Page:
ChinaHR.com lays off employees amid buyout plans

Summary:Monster Worldwide's China unit is starting to shed 54 percent of its 400 workers, and remaining employees organize a sit-in office protest to demand for compensation should they be laid off this year.

Chinese recruitment site ChinaHR.com, a subsidiary of Monster Worldwide, has started laying off 54 percent of its 400 staff members amid discussions of the company being sold.

According to Sina Tech Wednesday, the dismissed staff were compensated three months' salary plus additional amounts depending on the time they have spent with the company. For example, an employee who has been with ChinaHR.com for five years will get an additional five months' worth of his salary. Pregnant staff members will receive an extra 24 months' salary, it added.

The layoffs come amid reports in November 2012 that Monster Worldwide will sell off its Chinese business unit , which it fully acquired in 2008, as part of its restructuring program to curb losses of US$130 billion. The acquiring company has not been disclosed though.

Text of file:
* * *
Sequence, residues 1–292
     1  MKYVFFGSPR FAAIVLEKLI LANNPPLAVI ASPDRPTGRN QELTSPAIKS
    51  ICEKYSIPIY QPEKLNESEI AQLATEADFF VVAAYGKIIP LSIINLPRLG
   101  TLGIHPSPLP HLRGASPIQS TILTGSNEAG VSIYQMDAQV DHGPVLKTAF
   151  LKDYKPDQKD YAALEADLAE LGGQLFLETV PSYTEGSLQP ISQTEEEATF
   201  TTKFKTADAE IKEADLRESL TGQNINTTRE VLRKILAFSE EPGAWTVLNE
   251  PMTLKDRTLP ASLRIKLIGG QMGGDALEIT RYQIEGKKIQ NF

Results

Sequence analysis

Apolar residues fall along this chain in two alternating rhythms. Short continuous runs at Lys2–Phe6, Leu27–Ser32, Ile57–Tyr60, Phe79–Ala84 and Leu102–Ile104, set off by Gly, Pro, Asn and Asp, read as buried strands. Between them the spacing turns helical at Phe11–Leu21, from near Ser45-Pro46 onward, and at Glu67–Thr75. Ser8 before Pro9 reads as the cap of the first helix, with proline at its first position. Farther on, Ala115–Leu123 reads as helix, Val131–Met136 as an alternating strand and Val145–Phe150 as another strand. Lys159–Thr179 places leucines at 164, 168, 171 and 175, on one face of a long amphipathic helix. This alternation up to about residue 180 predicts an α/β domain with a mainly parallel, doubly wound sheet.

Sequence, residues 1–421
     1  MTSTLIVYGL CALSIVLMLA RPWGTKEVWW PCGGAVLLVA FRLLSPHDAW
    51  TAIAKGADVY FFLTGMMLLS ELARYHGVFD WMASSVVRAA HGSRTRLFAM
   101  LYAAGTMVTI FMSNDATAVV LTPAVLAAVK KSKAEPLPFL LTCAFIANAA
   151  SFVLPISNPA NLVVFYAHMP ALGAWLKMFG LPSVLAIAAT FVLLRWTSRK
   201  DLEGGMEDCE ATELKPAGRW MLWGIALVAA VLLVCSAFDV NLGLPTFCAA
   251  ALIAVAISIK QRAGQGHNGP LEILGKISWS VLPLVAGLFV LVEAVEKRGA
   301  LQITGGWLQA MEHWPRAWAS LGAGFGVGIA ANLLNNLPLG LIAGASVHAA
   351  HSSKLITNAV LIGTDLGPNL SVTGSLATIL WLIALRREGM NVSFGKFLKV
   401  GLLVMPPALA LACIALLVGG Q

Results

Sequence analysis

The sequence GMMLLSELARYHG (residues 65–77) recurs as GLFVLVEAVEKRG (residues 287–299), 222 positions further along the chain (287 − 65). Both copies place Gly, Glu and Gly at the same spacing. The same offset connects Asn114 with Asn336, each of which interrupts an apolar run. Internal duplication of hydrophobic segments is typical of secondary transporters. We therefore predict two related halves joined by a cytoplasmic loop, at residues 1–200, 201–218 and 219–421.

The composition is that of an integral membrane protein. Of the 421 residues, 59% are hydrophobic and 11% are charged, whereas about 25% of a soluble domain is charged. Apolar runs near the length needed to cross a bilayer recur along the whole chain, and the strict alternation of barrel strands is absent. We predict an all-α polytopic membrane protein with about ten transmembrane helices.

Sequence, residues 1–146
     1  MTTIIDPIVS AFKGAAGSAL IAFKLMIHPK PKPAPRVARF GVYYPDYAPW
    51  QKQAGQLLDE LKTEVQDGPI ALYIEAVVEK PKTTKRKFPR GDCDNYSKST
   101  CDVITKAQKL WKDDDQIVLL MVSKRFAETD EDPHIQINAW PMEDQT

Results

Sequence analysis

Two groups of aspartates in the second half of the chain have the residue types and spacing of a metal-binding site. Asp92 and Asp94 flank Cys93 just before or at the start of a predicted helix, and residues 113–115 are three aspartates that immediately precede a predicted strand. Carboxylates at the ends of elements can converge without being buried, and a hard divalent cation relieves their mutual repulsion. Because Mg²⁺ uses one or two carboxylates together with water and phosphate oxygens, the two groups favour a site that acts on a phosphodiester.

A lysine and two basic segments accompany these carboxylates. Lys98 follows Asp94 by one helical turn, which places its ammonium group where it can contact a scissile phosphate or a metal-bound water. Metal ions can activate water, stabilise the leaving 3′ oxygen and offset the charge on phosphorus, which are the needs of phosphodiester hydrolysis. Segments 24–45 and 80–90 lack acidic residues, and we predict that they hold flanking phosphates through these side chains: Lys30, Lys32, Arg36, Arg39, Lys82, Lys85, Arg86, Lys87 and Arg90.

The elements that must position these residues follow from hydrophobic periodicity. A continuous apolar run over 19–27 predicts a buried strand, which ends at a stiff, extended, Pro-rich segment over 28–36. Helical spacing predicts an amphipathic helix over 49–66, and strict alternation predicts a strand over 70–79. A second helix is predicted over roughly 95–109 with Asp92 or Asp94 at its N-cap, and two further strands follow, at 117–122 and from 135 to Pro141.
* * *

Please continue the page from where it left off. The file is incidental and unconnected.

However, employees who did not get laid off were unsatisfied as they were not included in the compensation scheme. They were also disgruntled that ChinaHR CEO Luo Bingquan did not want to reveal details of the buyout, citing confidentiality, it reported.

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ChinaHR.com's employees protest outside CEO Luo Bingquan's office demanding for clarity over the acquisition talks. (Credit: Sina Tech)

On Tuesday night, more than 200 employees organized a sit-in protest in ChinaHR's headquarters in Beijing.

After 10 hours of negotiation, both Luo and Monster Chairman Sal Iannuzzi proposed the remaining staff be compensated with the same plan if they are to be laid off in 2013 following ChinaHR's acquisition, Sina Tech reported.

The proposal is subject to the approval from the unnamed buyer of the Web company, it added.

Topics: IT Employment, China

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Elly grew up on the adrenaline of crime fiction and it spurred her interest in cybercrime, privacy and the terror on the dark side of IT. At ZDNet Asia, she has made it her mission to warn readers of upcoming security threats, while also covering other tech issues.

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